You have abandoned us and we yearn to forgive you. That about sums it up in a nutshell.
Of course, this need clarification. When I said “us”, what I meant by that is your hard-core loyalists. The people that have been around your products since the 80s and the glorious heydays of the 90s. The people that are still required to support your products. The people that now have to maintain an enterprise environment full of consumer goods.
It seems that you have abandoned all ideals pertaining to making your company and your product relevant in a meaningful work-based enterprise environment. That would be disheartening but forgivable if it weren’t for the fact that we still have users that insist on using nothing but your product. We are therefore forced to undergo every tweak imaginable to make your products work as seamlessly as possible, but it becomes more and more of a struggle every day.
There have been small steps made by your development team toward this end (Exchange 2007 support in Mail, basic AD integration), but for every step forward you make, you also take five steps back. Allow me to explain.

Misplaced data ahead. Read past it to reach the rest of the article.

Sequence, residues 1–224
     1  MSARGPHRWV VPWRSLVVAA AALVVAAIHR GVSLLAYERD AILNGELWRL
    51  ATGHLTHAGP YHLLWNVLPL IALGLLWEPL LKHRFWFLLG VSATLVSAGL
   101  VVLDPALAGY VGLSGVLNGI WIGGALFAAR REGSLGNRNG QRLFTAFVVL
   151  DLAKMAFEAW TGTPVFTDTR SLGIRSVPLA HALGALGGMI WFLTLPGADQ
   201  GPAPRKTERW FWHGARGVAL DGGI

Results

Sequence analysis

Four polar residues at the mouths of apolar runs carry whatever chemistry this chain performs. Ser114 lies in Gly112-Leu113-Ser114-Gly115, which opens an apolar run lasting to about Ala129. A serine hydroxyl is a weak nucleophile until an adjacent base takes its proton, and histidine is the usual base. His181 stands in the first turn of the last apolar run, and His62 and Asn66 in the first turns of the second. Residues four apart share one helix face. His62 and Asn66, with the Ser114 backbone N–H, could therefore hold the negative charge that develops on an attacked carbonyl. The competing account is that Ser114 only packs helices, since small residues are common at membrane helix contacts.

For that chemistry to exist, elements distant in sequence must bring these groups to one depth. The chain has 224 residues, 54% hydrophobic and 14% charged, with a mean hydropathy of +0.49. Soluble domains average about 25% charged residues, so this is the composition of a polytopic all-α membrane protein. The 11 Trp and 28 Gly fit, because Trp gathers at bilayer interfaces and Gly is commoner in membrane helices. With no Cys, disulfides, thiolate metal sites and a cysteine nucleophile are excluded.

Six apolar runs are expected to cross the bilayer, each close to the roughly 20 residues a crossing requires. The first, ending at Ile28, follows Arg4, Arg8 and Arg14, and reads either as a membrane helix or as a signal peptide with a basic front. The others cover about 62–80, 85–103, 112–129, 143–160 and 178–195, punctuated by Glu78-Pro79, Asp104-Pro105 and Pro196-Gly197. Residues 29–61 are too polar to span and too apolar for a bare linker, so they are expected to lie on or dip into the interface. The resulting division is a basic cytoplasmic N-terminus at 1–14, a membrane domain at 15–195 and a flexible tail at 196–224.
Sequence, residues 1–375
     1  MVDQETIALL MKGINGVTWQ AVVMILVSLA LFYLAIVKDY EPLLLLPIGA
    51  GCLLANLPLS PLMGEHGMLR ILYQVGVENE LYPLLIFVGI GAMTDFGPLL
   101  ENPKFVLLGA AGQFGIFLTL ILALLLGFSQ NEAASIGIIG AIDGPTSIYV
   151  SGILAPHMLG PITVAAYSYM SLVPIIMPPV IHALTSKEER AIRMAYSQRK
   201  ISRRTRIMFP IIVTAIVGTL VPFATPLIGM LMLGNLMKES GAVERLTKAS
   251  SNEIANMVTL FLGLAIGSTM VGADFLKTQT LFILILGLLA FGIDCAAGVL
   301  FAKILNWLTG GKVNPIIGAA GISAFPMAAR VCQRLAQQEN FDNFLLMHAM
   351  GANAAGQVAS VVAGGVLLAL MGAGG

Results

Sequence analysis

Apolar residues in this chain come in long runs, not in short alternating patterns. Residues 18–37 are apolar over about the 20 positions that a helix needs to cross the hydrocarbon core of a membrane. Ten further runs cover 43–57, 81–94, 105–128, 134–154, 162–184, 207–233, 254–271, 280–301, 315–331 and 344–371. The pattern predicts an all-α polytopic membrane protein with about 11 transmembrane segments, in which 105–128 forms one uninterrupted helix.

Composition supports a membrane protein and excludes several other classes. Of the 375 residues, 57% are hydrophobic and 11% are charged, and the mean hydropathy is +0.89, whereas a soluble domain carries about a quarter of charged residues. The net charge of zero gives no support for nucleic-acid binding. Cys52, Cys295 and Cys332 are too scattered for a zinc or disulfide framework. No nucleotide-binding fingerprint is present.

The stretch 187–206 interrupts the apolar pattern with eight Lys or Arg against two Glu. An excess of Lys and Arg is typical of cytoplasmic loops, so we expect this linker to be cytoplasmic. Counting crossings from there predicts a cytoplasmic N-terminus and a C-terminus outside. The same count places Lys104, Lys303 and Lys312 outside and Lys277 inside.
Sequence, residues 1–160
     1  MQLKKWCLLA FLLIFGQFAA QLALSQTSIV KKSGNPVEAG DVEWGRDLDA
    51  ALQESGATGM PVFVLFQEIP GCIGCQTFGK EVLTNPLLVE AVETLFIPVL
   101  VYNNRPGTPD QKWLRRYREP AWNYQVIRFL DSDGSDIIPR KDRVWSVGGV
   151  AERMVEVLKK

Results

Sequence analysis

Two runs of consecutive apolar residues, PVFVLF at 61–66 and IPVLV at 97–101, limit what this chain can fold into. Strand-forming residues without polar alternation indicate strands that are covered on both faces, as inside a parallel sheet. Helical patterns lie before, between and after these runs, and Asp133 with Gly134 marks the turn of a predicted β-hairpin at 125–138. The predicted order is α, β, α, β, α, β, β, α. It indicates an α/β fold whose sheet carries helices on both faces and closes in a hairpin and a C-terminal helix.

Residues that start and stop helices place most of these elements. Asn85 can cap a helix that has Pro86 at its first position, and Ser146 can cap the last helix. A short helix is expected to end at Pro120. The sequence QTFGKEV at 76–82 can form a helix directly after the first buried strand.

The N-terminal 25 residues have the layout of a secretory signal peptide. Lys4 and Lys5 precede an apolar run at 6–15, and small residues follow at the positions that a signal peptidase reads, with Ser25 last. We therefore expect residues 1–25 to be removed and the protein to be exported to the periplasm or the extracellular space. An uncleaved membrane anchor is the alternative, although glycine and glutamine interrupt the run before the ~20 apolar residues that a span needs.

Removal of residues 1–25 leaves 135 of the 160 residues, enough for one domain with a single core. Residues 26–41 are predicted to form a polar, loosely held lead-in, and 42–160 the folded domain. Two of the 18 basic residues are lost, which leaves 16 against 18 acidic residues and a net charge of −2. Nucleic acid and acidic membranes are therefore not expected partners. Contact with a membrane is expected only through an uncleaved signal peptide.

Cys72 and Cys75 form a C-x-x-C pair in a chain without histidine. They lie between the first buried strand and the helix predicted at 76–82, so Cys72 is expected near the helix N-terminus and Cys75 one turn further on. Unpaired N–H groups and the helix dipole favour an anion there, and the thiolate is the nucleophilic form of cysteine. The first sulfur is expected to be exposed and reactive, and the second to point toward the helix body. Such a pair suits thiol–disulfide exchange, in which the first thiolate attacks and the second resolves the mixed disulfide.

As an enterprise IT organization, here is the process all of our systems undergo:
Now, that first one is a tough one to overlook. I used to defend your pricepoints to rabid PC users, comparing spec-for-spec against premier systems from Dell and stacking them against your iMac. I made the point that your company simply doesn’t offer sub-basement quality systems, that it is high-end consumer on up to professional-grade hardware. I can’t do that anymore for two reasons.